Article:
Reflection – Reviewing Digital Literature for a High School Library.

Reviewing Digital Literature for a High School Library.

congerdesign / Pixabay


A teacher librarian (TL) is tasked with ensuring the collection development and management policy (CDMP) suits the needs of the curriculum and the school community (Johnson, 2018).  

Whilst the curation of the physical collection is well established, the rapidly evolving nature of digital resources makes the selection of digital literature (DL) more challenging.  This complexity arises from the variety of emerging DL trends and their integration into the library management system (LMS) (Johnson, 2018, p.128; Hughes-Hassell & Mancall, 2005).   

geralt / Pixabay

There has been much controversy regarding the efficacy of digital literature (DL) in education.  Jeon (2012) suggests that DL has lower rates of comprehension in comparison to print, but Ross et al., (2017) believes that there is no notable difference between print, screen and tablet.  The discrepancy is based upon the role digitisation plays in comprehension.  Keen (2016) believes that digitisation increases engagement, improves learning outcomes and addresses the behavioural, cognitive and developmental needs of teenagers.  Whereas Mitchell (2011) points out that not all digital texts are superior to print texts, and that DL needs to be evaluated  against a set criteria to ensure that the enhancements promote the learning of literacy and language.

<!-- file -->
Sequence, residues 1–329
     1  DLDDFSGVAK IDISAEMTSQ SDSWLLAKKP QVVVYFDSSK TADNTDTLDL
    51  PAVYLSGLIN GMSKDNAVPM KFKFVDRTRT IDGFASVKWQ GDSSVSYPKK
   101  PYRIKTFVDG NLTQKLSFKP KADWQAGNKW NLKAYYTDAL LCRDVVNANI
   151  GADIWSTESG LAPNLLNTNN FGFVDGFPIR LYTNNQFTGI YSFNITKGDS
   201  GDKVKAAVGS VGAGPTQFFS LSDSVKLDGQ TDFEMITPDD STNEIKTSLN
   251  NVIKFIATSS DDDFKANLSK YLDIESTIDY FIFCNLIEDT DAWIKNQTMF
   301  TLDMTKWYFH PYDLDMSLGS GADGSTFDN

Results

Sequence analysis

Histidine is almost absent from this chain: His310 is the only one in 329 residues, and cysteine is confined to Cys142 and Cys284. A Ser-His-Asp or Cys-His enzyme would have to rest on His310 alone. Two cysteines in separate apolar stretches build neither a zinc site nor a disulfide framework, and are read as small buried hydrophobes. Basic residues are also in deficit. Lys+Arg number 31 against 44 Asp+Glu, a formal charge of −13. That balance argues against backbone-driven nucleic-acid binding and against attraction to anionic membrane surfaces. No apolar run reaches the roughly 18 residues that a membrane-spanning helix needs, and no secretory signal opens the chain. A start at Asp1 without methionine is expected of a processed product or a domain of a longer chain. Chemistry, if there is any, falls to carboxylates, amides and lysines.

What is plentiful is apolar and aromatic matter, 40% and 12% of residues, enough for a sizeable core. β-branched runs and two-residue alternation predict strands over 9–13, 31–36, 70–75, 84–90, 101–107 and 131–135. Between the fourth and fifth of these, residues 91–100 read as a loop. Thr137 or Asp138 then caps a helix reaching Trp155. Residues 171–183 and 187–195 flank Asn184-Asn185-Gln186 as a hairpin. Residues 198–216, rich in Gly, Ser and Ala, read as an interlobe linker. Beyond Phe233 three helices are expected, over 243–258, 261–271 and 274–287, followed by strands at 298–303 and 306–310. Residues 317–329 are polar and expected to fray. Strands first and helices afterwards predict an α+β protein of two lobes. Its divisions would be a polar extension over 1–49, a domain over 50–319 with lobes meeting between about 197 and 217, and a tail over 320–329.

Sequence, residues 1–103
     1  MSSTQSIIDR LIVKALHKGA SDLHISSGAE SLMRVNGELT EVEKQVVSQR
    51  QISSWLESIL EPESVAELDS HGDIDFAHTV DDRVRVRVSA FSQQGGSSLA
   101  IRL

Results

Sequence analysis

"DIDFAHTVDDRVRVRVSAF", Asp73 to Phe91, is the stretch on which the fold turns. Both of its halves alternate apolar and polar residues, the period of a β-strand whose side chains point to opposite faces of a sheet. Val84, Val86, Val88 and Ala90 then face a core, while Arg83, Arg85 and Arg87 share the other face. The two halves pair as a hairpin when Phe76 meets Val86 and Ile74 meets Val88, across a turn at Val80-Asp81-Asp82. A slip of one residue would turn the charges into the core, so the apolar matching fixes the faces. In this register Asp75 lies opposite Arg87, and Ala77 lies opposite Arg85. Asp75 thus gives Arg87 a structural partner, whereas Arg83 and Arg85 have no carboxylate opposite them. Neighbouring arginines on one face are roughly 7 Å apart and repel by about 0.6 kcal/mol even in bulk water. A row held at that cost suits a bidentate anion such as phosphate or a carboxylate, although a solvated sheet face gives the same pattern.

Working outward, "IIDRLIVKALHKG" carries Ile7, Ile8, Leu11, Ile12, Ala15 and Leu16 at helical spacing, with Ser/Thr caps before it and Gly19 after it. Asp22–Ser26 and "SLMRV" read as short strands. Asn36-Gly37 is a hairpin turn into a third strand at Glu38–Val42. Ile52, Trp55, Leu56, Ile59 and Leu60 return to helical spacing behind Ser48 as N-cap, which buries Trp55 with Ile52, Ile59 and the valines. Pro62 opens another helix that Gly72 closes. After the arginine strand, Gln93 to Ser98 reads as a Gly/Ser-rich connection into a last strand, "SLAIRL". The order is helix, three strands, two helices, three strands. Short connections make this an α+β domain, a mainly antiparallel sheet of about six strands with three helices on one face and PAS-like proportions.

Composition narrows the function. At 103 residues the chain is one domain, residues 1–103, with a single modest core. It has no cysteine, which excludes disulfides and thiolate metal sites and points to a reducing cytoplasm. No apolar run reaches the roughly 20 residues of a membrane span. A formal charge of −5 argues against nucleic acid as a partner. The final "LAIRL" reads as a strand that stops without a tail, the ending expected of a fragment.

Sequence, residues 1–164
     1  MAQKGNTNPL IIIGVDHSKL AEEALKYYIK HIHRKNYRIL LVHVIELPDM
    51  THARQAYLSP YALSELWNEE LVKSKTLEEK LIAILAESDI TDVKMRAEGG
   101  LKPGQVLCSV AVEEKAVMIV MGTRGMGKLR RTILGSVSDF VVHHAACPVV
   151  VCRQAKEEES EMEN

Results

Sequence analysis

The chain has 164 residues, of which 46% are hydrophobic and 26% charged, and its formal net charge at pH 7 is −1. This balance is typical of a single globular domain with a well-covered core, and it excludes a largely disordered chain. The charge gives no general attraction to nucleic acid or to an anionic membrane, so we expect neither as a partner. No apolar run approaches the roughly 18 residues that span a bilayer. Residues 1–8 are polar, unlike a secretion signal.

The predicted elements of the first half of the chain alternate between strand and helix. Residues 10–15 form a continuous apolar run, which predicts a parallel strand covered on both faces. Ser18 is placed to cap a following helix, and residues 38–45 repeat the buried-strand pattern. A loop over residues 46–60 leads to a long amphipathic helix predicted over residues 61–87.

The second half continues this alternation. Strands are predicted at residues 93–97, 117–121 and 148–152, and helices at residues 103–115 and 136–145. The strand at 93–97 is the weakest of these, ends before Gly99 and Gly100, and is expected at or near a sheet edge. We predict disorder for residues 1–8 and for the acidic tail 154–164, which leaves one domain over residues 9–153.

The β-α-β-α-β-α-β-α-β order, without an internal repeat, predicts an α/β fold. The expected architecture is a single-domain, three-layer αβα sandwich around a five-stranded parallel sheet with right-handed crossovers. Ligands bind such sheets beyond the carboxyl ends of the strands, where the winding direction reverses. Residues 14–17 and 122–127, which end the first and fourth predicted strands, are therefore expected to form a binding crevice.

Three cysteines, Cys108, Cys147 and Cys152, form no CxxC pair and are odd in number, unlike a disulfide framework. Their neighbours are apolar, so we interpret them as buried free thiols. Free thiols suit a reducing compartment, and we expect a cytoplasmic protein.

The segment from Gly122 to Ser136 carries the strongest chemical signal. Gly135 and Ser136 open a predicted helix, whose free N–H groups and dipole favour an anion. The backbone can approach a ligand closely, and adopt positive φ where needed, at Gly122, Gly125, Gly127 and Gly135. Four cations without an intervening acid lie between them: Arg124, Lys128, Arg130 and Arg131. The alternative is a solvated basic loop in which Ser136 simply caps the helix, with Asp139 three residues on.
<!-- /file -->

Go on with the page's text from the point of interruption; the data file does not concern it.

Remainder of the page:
A printed text requires:

  •  a single literacy to gain access to the information.   

However, DL needs the reader to be:

  • masterful with multiliteracies,
  •  competent with computation and 
  • dexterous with devices (Rettberg, 2012).  

These skill requirements indicate that poor traditional literacy will translate to poor digital literacy because technology virtuosity and digital aptitude are not intuitive  (Moore & Cahill, 2016, p.5; Brown & Czerniewicz, 2011).  This necessity of explicit instruction has thoroughly debunked the myth of the digital native.  


ACARA (2018) has included DL in the Australian Curriculum in an effort to address the multimodal and multiliteracy needs of the 21st century.  The embedding of DL allows students to use these new technologies to connect to the curriculum, develop multiliteracies and competencies, which are essential for active citizenship in a digital society (MCEETYA, 2008; Cullen; 2015).  Importantly, DL acknowledges students’ learning needs, the shift in the reading paradigm as well as the presence of participatory culture in modern society (O’Connell, Bates & Mitchell, 2015; Moore & Cahill, 2016, p.6).